Sign up for our daily recaps of the ever-changing search marketing landscape.
Using The New Treemaps Report In Google Analytics To Find AdWords Nirvana
Google Analytics' new Treemaps report allows for lightning-fast analysis. Contributor Matt Lawson goes through some analyses to use in your account.
AdWords is better when it’s linked with Google Analytics (GA). Analytics reporting gives you much deeper insight into your AdWords performance.
Instead of focusing on the wide array of awesome reports that are available in GA, I want to spend today focusing on a new report that was just released and that will be rolling out over the next few weeks to all GA accounts. Treemaps. (Disclosure: I work for Google.)
Getting To Know Treemaps
Treemapping, in the ever-updating words of Wikipedia, is “a method for displaying hierarchical data by using nested rectangles.”
Nested rectangles, you guys. NESTED RECTANGLES! (I think it’s a sign that I’ve found the right career path when the previous sentence gets me excited.)
In case you don’t share my immediate enthusiasm for nested rectangles, here’s why you should care about Treemaps: you can identify trends and trouble spots across your account with speed and insight that you don’t have when looking at numbers alone.
Treemaps also serve as an awesome hypothesis-generation tool — spend ten minutes in this report, and you can understand your account like never before. What are the relative levels of importance of different areas of your account? Are there things that you care too much about, or things that you’ve overlooked?
Before we dive in, just a couple of things that you should be aware of when working with Treemaps:
- The surface area of your rectangles represents the volume of whatever primary metric you select
- The green-to-red overlay represents whichever secondary metric you select in your account
- As stoplights have taught us, green is good and red is bad. Thus, for metrics where a high number is good (like click-through rate) you’ll see higher numbers in green; for metrics where a high number is bad (like bounce rate) you’ll see higher numbers in red.
- If you have multiple accounts linked to your Google Analytics account, Treemaps will default to showing accounts. If you just have one account linked, then the default will be campaigns.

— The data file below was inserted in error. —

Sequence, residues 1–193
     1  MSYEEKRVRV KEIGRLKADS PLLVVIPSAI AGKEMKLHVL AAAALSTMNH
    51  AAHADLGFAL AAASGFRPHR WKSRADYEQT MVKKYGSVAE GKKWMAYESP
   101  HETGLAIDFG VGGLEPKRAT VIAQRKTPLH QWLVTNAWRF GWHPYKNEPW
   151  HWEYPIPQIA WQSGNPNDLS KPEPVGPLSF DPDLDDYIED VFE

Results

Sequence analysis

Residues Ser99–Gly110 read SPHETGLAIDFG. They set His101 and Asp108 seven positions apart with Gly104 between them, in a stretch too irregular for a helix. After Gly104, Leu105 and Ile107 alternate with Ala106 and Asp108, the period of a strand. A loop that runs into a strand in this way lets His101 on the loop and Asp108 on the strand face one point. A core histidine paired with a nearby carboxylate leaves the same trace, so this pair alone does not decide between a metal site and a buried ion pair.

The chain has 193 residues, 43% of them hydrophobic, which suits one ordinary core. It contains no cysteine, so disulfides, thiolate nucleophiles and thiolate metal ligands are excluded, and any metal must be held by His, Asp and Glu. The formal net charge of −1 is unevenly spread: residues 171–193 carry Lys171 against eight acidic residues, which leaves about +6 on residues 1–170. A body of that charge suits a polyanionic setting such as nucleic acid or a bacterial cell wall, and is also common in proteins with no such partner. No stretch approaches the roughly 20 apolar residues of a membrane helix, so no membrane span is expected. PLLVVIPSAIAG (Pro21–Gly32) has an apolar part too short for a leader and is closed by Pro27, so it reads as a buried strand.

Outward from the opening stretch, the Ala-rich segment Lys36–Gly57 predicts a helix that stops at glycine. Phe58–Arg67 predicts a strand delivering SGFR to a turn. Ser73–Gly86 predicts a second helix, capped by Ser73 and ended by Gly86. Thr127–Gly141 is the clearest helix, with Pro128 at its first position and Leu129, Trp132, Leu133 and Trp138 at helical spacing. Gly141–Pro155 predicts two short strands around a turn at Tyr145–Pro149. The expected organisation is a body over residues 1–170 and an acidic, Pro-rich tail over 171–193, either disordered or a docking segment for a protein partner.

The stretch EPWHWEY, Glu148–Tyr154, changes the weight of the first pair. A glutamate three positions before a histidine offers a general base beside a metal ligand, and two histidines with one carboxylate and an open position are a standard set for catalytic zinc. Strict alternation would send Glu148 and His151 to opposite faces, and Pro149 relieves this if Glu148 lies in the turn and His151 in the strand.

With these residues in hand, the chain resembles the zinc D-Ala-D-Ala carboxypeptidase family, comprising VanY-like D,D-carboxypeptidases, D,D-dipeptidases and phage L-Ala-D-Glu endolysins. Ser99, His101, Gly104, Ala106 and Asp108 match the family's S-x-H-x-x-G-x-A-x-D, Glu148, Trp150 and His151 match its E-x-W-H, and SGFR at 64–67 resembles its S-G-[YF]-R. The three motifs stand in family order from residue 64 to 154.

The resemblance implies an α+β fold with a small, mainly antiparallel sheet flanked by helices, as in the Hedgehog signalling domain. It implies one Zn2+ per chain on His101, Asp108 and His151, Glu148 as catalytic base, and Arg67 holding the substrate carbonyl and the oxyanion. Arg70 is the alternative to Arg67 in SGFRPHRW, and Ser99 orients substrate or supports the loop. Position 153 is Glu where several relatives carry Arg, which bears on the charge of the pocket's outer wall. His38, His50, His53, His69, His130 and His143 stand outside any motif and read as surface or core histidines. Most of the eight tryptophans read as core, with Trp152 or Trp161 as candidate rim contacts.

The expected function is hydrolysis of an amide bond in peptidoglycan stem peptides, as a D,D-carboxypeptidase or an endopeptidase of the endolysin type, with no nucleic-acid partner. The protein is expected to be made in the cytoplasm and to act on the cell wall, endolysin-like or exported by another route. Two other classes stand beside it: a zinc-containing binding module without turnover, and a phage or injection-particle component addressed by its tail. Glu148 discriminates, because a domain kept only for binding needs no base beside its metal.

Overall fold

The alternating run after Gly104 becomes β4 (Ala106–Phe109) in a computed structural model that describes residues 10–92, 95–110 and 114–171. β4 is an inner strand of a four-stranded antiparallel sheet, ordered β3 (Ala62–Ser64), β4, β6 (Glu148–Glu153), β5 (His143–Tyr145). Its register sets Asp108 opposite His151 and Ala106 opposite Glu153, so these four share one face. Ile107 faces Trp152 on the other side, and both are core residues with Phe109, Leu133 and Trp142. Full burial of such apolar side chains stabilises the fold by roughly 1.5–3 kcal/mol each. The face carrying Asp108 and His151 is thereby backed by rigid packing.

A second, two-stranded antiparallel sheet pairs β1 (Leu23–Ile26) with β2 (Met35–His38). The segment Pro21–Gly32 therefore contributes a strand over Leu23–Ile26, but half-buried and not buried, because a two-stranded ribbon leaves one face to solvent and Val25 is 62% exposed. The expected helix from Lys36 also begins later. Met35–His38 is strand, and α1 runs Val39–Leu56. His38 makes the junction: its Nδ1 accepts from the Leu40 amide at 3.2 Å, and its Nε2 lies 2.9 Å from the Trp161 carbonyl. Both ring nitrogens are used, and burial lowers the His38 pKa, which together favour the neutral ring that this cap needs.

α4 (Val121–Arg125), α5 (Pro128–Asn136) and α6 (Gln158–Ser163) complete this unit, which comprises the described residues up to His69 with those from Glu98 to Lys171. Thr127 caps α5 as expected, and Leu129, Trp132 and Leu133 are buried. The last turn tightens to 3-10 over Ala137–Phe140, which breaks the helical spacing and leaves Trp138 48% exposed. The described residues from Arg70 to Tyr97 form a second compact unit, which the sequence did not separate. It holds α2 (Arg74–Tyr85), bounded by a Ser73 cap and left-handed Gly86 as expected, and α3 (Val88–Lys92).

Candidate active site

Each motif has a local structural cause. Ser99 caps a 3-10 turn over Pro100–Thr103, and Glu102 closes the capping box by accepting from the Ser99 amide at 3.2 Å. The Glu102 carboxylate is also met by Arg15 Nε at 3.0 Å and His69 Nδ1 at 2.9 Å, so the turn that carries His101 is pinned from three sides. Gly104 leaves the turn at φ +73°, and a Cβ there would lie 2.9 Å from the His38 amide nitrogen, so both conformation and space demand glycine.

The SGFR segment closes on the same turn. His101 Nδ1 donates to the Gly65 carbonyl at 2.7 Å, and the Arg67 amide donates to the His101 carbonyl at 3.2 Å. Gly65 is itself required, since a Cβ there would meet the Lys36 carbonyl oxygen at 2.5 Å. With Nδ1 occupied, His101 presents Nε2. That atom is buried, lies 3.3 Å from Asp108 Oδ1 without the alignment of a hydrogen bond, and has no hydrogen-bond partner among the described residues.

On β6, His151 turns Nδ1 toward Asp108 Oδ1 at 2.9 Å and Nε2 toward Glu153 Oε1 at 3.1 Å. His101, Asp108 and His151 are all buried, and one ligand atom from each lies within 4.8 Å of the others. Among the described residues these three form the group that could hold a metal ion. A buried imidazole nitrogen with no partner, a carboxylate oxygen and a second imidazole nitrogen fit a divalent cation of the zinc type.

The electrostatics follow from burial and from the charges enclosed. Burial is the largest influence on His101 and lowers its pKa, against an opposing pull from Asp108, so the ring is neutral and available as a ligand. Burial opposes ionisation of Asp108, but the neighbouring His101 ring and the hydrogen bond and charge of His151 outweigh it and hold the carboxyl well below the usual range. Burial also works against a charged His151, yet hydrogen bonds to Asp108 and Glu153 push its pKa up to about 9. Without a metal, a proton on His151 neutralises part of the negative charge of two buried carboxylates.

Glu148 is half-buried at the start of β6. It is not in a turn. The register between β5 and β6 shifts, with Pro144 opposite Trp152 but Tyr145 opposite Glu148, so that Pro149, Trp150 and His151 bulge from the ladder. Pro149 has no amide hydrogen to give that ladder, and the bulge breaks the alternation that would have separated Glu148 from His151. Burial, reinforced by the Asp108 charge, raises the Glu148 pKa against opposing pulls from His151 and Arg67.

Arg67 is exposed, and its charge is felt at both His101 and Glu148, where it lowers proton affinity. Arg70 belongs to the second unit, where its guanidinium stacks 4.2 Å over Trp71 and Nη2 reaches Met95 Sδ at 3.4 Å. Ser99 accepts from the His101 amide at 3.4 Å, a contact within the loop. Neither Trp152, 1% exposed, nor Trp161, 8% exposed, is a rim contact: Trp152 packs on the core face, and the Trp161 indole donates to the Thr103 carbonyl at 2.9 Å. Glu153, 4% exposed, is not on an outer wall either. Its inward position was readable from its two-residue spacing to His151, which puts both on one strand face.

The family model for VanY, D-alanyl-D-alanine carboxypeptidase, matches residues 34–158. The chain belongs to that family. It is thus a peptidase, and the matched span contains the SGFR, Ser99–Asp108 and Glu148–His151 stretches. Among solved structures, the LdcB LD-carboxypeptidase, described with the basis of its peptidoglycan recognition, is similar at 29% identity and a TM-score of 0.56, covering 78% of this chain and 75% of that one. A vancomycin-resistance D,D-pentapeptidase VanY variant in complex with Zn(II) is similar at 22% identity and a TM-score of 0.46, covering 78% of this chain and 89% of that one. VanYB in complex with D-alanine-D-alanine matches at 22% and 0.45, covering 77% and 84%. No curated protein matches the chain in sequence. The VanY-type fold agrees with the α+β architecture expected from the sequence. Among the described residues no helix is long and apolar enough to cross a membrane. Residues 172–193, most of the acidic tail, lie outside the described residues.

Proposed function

- You can drill down by clicking on your accounts/campaigns in the report (and then get back to a higher view with a breadcrumb trail above the report)
Without further ado, let’s get to some specific reports that you should run to get to know (and love) the nested-rectangley goodness of Treemaps.
1. Cost Vs. E-Commerce Conversion Rate
It’s immediately apparent where your conversion rates are higher in those green boxes.
What can you do to increase volume in those areas? And what can you learn from the green boxes to apply elsewhere in your account?
After we click on the biggest campaign in the first chart we can see that not every ad group is suffering a low conversion rate.
There’s a clear ad group that’s worth focusing on — your highest spending ad group in your highest spending campaign suffers from below-average conversion rates.
What different creatives or landing pages should you experiment with to increase performance?
2. Impressions Vs. Click-Through Rate
Ad testing is a bit of a bear; so, focusing your efforts when improving ads is key.
The red and green designation can get tricky across networks, so beware of how this report will look when you have display and search in the same account.
But, your attention should be immediately focused on what’s working and what isn’t. Click into the smaller search ad groups (which typically have fewer impressions) and see what you can learn.
Those green ad groups probably have something to teach to the red ad groups (as long as they’re in the same network, of course).
And as a side note, you can hover over the speech bubble on each rectangle to see more specific details. That way, you have the numbers that are dictating the size and shade of that rectangle.
3. New Users Vs. Bounce Rate
Which keywords drive new users, and which of those aren’t doing a very good job of turning those users into customers?
Even if things are looking pretty good (like in the screenshot above), you can show this report to the powers-that-be to let them know that the majority of new site visitors in this campaign have a better bounce rate when compared to your smaller ad groups.
You don’t always have to have an action item from one of these reports; sometimes it can be a pat-on-the-back generator.
Making Treemaps Your Own
So, those are just three analyses, but there are so many more that are worth running. I imagine you get the idea by now, so go out there and find your own insightful combinations.
Here’s what’s currently available for you to look at in your own Treemaps. Mix and match them to find some analyses that can give you great insight along with ideas that you can start testing.
- Site Usage
- Goal Completions
- Goal Value
- New Users
- CPC (Cost-per-click)
- CTR (Click-through-rate)
- ROAS (Return-on-ad-spend)
- RPC (Revenue-per-click)
- Average Order Value
- E-commerce Conversion Rate
- Per Session Value
- Site Usage
- % New Sessions
- Avg. Session Duration
- Bounce Rate
- Goal Conversion Rate
We’ve spent a relatively small amount of time putting these analyses together, and we already see so many areas that would be worth looking into.
Treemaps just takes the data that’s already available to you, and you can use it to tell a story rapid-fire. It’s like skipping to the good parts of account analysis.
Start using Treemaps to find the questions that are truly worth asking about your account.
Some opinions expressed in this article may be those of a guest author and not necessarily Search Engine Land. Staff authors are listed here.